SOLAR: Tesla’s SolarCity factory is 500 jobs short of its promise to bring 1,460 jobs to Buffalo, New York, even after a two-year extension, and could face a $41 million fine if it doesn’t get it done by December. (Buffalo News)

ALSO:
An Atlanta-based developer is seeking tax breaks from a western New York county to build a 4 megawatt solar array. (Buffalo News)
Officials in Brunswick, Maine, recommend the town enter a power purchase agreement with a solar developer to supply up to 70% of municipal and school electric expenses. (Times Record)

TRANSPORTATION:
Vermont’s governor signs a bill to put $120 million toward the state’s public transit and rail programs, transportation alternatives projects, and electric vehicle incentives. (VermontBiz)
National Grid has created an “EV Road Trip” that maps routes to 40 destinations in the Northeast and includes charging stations along the way. (Buffalo News)

UTILITIES:
• U.S. Rep. Jamaal Bowman of New York co-sponsors a congressional resolution that would declare electricity a “basic human right” and decry “monopolized, profit-driven utility corporations and providers.” (The Hill)
A central New Jersey town urges the state’s public utilities board to reject New Jersey Natural Gas’ request for a 25% rate increase. (CentralJersey.com)

OFFSHORE WIND: A company hoping to build a wind farm off New Jersey’s coast partners with Rutgers University to study how the farm could affect local shellfish. (Herald Standard)

NATURAL GAS: A town bordering Boston approves a permit process to discourage fossil fuel-hookups in new buildings after the state’s attorney general declared a previous all-out ban unlawful. (WBUR)

RENEWABLES:
Rhode Island’s Senate passed a bill this week requiring the state to get all its electricity from renewable sources by 2030. (EcoRI)
A top Massachusetts lobbying firm focused on energy development and a company that bought and razed a coal-fired power plant are close to a settlement in a case regarding future use of the property. (CommonWealth Magazine)

PIPELINES: Residents of a Pennsylvania town tell supervisors they’re concerned a proposed pipeline pump station could release gas through a leak or explosion, and that operators aren’t prepared for such an event. (LebTown)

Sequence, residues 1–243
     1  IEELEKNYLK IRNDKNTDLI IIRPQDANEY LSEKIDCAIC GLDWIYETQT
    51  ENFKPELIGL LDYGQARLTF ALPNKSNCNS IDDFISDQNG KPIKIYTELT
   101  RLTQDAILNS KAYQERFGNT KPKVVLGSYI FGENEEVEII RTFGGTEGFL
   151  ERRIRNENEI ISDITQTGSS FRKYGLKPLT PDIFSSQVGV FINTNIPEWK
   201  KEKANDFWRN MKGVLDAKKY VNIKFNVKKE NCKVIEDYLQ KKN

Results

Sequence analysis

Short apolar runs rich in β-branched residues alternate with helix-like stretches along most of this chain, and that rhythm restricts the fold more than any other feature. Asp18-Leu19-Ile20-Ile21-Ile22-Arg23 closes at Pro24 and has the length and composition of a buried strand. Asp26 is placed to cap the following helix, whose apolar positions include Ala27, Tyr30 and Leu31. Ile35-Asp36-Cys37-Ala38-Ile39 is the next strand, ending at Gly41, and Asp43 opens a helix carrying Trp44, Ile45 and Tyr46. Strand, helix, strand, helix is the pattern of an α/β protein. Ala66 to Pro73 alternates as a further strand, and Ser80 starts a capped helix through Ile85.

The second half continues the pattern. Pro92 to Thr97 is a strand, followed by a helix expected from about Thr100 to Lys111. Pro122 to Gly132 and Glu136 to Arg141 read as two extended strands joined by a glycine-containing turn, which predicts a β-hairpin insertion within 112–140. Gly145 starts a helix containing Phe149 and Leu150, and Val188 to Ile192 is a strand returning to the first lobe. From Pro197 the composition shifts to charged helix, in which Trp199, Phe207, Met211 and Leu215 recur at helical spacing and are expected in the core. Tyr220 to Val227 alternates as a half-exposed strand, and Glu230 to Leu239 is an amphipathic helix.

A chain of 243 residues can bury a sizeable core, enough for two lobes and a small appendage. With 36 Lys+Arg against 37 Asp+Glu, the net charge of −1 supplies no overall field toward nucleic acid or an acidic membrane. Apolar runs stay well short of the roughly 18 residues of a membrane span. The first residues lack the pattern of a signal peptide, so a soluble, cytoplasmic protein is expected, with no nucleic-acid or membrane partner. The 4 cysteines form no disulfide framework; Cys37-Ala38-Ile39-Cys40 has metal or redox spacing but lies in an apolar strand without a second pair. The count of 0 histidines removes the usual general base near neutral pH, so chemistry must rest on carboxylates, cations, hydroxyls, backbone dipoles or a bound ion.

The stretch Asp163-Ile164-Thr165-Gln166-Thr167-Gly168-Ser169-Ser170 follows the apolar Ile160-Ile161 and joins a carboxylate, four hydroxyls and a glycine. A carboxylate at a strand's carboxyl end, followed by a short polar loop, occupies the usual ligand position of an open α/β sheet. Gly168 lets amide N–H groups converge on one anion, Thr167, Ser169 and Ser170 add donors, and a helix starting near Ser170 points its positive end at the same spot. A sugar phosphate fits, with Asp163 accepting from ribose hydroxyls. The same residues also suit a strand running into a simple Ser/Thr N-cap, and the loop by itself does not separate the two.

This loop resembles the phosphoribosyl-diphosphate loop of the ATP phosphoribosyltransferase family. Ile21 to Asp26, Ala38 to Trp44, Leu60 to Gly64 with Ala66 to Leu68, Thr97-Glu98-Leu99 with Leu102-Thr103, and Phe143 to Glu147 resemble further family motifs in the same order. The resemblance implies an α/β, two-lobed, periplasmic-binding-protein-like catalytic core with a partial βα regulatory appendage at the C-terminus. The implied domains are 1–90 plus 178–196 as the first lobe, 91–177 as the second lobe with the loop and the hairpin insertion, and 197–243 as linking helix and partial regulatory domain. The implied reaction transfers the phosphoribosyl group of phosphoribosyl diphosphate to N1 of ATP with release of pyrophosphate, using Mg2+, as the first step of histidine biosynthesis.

GRID: A Maine lawmaker who supports a transmission line that would bring hydropower from Canada to New England sues the secretary of state in hopes of splitting a ballot referendum item regarding banning transmission lines into three questions. (Bangor Daily News)

BIOGAS: Environmental groups say a Delaware factory farm biogas project in contract with Chesapeake Utilities threatens public health, especially in communities of color. (news release)

BIOMASS:
An upstate New York state college wins a National Science Foundation grant to develop and commercialize its rotary gasifier technology. (Biomass Magazine)
The USDA awards a grant to Maryland agencies to hire a wood biomass energy specialist who will help identify potential biomass projects in the state. (news release)

COMMENTARY: A medical journal editor and a global health professor urge regulators to pull the Weymouth compressor station’s permit after the facility released gas four times in less than a year. (WBUR)

Questions or comments about this article? Contact us at editor@energynews.us.

Avatar photo

Bridget Reed Morawski

Bridget is a freelance reporter and newsletter writer based in the Washington, D.C., area. She compiles the Northeast Energy News digest. Bridget primarily writes about energy, conservation and the environment. Originally from Philadelphia, she graduated from Emerson College in 2015 with a degree in journalism and a minor in environmental studies. When she isn’t working on a story, she’s normally on a northern Maine lake or traveling abroad to practice her Spanish language skills.

Avatar photo

Kathryn Krawczyk

Kathryn brings her extensive editorial background to the Energy News Network team, where she oversees the early-morning production of ENN’s five email digest newsletters as well as distribution of ENN’s original journalism with other media outlets. From documenting chronic illness’ effect on college students to following the inner workings of Congress, Kathryn has built a broad experience in her more than five years working at major publications including The Week Magazine. Kathryn holds a Bachelor of Science in magazine journalism and information management and technology from Syracuse University.